This magic moment

Local magicians use your illusion

“We love to foster new magic addicts,” says magician Dean Hankey.

“We love to foster new magic addicts,” says magician Dean Hankey.

Photo By Allison Young

With a quick flourish of a curtain, a woman disappears into a metal box. Then, with dramatic panache, magician Eli Kerr drives a series of flaming spears through the box. His assistants spin the box around, to show the audience every angle. Kerr removes the spears, waves the curtain, and the woman reappears—unharmed, of course. It seems the trick is over, until Kerr waves the curtain again and, unexpectedly, a second woman appears.

It’s a good little piece of magic—one that’s impressive for its athleticism and showmanship, even if you think you know how it’s done. Kerr performed it at his recent run of shows at Sammy’s Showroom in Harrah’s, and there’s a good clip floating around the internet of him performing it on the NBC show America’s Got Talent.

What some locals might not know, if they’ve only ever seen him on billboards around town, is that Kerr is a local guy who grew up in Carson City. And interestingly enough, just down the road at the Eldorado is another magic show—this one’s ongoing—called Kevin & Caruso’s Magique. And they’re also guys who grew up in Reno.

“I don’t think both hotels said we should do a magic show at the same time,” says Kevin Jeffrey, the “Kevin” half of the duo. “I think it just happened to work out like that, which is strange unto itself. … But Eli and I have been friends since we were teenagers, so there was certainly no bad blood between us about it, In fact, he allowed us to use his warehouse to rehearse our show.”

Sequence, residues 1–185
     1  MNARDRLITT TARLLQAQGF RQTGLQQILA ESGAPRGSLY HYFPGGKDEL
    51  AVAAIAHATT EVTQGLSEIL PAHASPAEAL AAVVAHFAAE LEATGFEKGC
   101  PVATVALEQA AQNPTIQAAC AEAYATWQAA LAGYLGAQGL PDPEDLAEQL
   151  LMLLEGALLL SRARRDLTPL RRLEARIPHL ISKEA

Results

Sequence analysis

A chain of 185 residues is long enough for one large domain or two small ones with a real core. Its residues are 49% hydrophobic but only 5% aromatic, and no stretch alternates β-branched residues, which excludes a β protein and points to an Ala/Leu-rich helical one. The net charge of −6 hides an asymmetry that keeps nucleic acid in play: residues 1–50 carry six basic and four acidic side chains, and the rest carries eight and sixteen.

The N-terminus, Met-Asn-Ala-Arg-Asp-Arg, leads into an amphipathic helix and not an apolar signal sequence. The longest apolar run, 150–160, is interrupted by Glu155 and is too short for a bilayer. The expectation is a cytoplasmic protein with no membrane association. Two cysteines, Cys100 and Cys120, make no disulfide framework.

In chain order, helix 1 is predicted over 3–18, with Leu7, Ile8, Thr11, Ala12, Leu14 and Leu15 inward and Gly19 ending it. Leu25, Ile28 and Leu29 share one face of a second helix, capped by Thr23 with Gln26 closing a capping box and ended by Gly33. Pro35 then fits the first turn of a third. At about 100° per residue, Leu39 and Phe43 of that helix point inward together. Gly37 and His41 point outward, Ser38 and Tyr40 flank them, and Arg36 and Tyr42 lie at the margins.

Jeffrey was born and raised in Reno, and has spent the last 20 years working in magic, staging big productions—lots of pyrotechnics and costume changes—in Florida and for Carnival Cruise lines. Kevin and Caruso’s Reno production is one of these big shows, also featuring guest magician Mark Kornhauser, another local magician with a national reputation.

“It used to be better to be from somewhere else,” says Kerr. But as tourism numbers have declined in recent years, the casinos have made a larger effort to appeal to locals, which has meant more locals in the spotlight. This isn’t to say that these performers are benefiting from a local favoritism—they’re fully legit magic acts that happen to be local. And magic shows are good for Reno stages because of the shows’ wide appeal.

“It’s one of the only areas of entertainment where you have the opportunity to reach such a huge demographic,” says Jeffrey, adding that audience members range in age from 5 to 95.

Though it might appear that the two magic shows were in direct competition, and were hosted by rival casinos, it’s interesting that there exists among the magicians themselves a spirit of camaraderie and collaboration.

Kerr owns an 8,000-square-foot warehouse east of Carson City that serves as an industrial magic shop. In addition to being an onstage performer, Kerr also builds props and illusion devices for himself and other magicians. The warehouse, which he jokingly calls “the batcave,” is a workshop for building illusions, a storage place for the many props for his magic shows and his annual haunted house events every October. There’s also a lounge area, offices and a gym.